Who likes to be told what to do?
As anyone with children will tell you, sometimes even the smallest non-contentious (or so you thought) requests can blowout into what feels like negotiating a peace treaty between nations at war. Our 3 year old daughter Annika is no different to any other children in this regard. She knows what she wants, she is prepared to demand it, and she isn’t afraid to go to war for it if we deny her.
On the bright side, she has more recently become open to being bought off for things of interest to her such as Peppa Pig. I’m thrilled because instead of trying to persuade her, rationalise, or drag her somewhere kicking and screaming… conflict resolution can be as simple as pressing ‘play’ on Peppa Pig.
However, I’m constantly reminded that no one likes to be told what to do, that their actions will result in sanctions, or how another party might limit their choices. In fact, if I take a heavy-handed approach with Annika, she is almost certainly going to respond by escalating her sanctions and going to war with me.
So, I spent a few weeks really focussed on repositioning anything I was trying to get across the line with Annika into a choice for her. Rather than simply telling her that if she complied with my request she would get to watch Peppa, I laid it out in front of her and let her decide.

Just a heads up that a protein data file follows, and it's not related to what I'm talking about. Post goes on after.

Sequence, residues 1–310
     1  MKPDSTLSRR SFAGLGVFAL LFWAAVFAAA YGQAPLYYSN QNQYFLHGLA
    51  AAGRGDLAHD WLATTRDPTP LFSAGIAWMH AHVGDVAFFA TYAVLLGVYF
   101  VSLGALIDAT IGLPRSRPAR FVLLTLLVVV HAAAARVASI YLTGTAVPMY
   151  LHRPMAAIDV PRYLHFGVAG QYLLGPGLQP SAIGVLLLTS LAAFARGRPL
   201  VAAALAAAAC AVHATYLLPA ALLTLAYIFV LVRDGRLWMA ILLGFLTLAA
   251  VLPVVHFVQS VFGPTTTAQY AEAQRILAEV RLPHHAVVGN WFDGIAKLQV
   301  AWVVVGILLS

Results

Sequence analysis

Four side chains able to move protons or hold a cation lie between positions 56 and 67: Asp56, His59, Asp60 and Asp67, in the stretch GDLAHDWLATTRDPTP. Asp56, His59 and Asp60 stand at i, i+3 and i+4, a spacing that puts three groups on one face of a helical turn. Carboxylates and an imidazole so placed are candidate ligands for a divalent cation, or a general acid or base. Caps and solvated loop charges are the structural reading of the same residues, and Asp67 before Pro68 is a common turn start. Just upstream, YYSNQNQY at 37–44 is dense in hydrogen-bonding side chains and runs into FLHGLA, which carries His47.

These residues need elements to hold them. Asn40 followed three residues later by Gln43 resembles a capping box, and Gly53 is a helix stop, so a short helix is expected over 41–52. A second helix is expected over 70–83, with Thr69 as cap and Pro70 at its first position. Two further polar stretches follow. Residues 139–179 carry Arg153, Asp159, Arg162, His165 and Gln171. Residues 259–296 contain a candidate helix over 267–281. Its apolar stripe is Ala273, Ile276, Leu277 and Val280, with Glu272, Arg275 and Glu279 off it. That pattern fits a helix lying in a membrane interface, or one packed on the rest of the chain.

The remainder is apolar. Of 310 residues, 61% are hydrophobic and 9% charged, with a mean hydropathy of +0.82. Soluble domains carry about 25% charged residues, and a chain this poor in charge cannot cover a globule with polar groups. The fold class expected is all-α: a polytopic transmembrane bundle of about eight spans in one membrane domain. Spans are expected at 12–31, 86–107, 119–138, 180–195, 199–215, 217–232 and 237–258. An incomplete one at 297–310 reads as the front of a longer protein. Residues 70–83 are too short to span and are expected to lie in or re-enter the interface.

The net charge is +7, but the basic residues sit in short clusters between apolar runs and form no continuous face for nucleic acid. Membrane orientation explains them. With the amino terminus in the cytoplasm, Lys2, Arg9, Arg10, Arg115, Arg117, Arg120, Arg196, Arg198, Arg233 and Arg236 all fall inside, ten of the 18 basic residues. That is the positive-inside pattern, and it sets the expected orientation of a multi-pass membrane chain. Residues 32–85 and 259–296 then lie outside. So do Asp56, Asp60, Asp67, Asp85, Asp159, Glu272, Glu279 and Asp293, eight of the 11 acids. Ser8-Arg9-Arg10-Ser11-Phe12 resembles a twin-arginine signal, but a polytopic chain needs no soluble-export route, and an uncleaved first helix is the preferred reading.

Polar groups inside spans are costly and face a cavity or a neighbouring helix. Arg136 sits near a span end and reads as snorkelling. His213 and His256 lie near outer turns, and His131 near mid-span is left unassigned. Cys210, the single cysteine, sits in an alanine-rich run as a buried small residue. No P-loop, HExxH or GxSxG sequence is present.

In fact, I found it works best for Annika if the first exploration of interests weren’t even linked to my request at all. ‘Daddy has Peppa Pig, would you like to watch Peppa Pig?’. Of course, after she signals interest I follow up with ‘Ok, if you eat your dinner Daddy will turn on Peppa Pig, do you want to eat your dinner?’.
Interestingly, if I were to rush it by going straight to the proposal (Peppa Pig for Dinner), she nearly always rejected it. For Annika, the initial exploration of interests, makes space for a proposal that will be much more likely accepted.
Of course, this is particularly true if the position I’m trying to get over the line is a difficult one or if she has already started to resist and defend her position. It only becomes more important that I spend time surfacing her interests.
This same is true for our commercial negotiations, if we rush through the exploration of power and interests, our proposals are going to be harder to palate. Slow it down and ask the obvious questions, ‘just suppose we could find a way to reduce your risk, would you be interested in hearing it?’
To summarise: your proposals are going to be more palatable if the other party is expecting them because you have heightened their interest to receive it by spending time in the argue step to surface their position. By the time you are ready to make your proposal, your counterparties should anticipate that your proposal will be good news for them, and then be more inclined to view it with a much more open perspective.
About the author:
Ben’s background is in commercial business to business sales. Leveraging studies in organisational psychology, Ben’s previous role was responsible for growing Profiling Online’s bespoke leadership assessment business locally and abroad across industries such as Banking and Finance, Insurance, Travel, Engineering and Professional Services.